On 2 May 2006 a Code of Practice for Responsible Metal Detecting was launched at the British Museum.
I am sorry to return once again to the subject of Climate Change, but this is a subject on which I remain suspicious.
The saga of Stonehenge continues, with the various learned bodies vying with each other to see who can produce the most extravagant and expensive plan for Stonehenge.
Join the cream of Britain‘s local archaeological societies on Independent’s Day, when local independent archaeological societies come together to celebrate the achievements of an outstanding local group.
On May 7th 1952, The Times reported: Congregation at Oxford will be asked on Tuesday next to accept a gift of £4,000 from an anonymous benefactor who wishes to encourage the study by schoolboys and by more mature students of non-classical archaeology and general history, as deduced from comparative archaeology, of the countries of the [...]
Oxbow – Britain‘s leading archaeological bookseller – is changing.
Does archaeology have the wrong brand? One of the things that rather worries me about archaeology is that we are getting the wrong brand image.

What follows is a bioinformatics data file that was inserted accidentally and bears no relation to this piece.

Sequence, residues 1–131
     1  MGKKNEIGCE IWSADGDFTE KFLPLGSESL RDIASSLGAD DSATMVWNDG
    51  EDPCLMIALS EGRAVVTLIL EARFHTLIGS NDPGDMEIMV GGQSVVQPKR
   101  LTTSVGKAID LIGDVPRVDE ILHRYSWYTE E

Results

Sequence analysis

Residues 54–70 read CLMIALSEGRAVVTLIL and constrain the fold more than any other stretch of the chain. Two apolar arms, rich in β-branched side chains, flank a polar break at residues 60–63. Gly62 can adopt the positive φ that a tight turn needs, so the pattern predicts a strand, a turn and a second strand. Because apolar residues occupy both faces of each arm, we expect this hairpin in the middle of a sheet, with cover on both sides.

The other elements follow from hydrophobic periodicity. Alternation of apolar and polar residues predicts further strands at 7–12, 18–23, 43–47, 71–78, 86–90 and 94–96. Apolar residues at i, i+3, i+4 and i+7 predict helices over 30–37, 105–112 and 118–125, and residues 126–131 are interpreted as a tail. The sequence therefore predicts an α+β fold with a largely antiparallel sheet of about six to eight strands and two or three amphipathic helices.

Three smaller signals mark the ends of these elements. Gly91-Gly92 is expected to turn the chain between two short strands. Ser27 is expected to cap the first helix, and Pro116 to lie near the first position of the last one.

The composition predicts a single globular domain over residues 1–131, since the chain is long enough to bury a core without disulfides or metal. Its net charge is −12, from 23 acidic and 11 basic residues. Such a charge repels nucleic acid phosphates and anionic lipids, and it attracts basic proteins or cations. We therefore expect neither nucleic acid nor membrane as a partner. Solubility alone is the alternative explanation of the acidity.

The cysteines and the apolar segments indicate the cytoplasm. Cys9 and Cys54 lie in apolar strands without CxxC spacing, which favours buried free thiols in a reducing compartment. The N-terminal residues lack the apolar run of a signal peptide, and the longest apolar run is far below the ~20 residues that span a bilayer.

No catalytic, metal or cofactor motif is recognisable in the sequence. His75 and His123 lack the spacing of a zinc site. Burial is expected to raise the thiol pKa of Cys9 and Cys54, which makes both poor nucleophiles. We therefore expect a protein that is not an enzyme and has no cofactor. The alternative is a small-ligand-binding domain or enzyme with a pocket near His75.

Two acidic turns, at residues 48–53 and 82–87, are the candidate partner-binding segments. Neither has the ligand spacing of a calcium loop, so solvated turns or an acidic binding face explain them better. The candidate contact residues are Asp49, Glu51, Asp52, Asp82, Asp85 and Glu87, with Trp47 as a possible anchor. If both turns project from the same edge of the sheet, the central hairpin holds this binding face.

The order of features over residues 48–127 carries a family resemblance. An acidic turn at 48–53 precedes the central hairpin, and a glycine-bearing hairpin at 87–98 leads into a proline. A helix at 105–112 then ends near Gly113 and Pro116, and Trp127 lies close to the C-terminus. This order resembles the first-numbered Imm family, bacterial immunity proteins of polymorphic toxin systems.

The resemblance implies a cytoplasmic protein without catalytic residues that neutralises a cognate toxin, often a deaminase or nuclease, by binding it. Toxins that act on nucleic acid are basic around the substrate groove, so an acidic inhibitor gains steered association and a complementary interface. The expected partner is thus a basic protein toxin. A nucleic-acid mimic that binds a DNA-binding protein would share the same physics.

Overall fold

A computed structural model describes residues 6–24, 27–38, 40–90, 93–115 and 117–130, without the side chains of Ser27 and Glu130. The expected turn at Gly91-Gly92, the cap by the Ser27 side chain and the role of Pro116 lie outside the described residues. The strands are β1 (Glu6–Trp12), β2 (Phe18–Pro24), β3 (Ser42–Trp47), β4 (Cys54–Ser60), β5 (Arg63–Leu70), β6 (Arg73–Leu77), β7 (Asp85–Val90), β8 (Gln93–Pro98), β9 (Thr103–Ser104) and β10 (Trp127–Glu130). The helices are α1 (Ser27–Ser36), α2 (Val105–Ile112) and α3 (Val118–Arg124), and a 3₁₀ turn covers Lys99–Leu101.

The silly season is upon us, and I hereby proclaim that the award for the silly gimmick of the year must be given to a campaign calling itself History Matters.
The Awards for the Presentation of Heritage Research were a great success this year.
Let us give a great welcome to the archaeological publishing event of the year: the 14th edition of J Collingwood Bruce’s Handbook to the Roman Wall.
The Local Heritage Initiative has been wound up.
Congratulations to Rescue News on reaching its 100th issue.
In a fascinating article by Eamon Hedderman on Church and State in the Republic of Ireland, we learn that Article 44 of the Irish Constitution guarantees ‘the rights of every denomination to manage its own affairs’.
A corner devoted to the champions of political correctness
On 14th December I was off to Rugby to celebrate the opening of the Jack Lucas Gallery at Rugby Museum.
A new Ancient Monuments Act will apparently shortly be published, but already main outlines are beginning to emerge. There will be three core proposals.
I must disagree with Neil over this exhibition (see CA 208, page 36). I went to the opening, and to the accompanying lecture, and though the lecture was fine, the exhibition was a big disappointment.
Would you like to be the chief publisher of the Tempus archaeological books?
In the latest Conservation Bulletin, published by English Heritage, there is an interesting contribution by David Fursden, the President of the Country Land and Business Association. An extract is given here.
On 8th March 2007, a government White Paper was launched on Heritage Protection for the 21st century to foreshadow a new Heritage Protection Act to replace or amend the current legislation – mainly the Ancient Monuments and Archaeological Areas Act of 1979.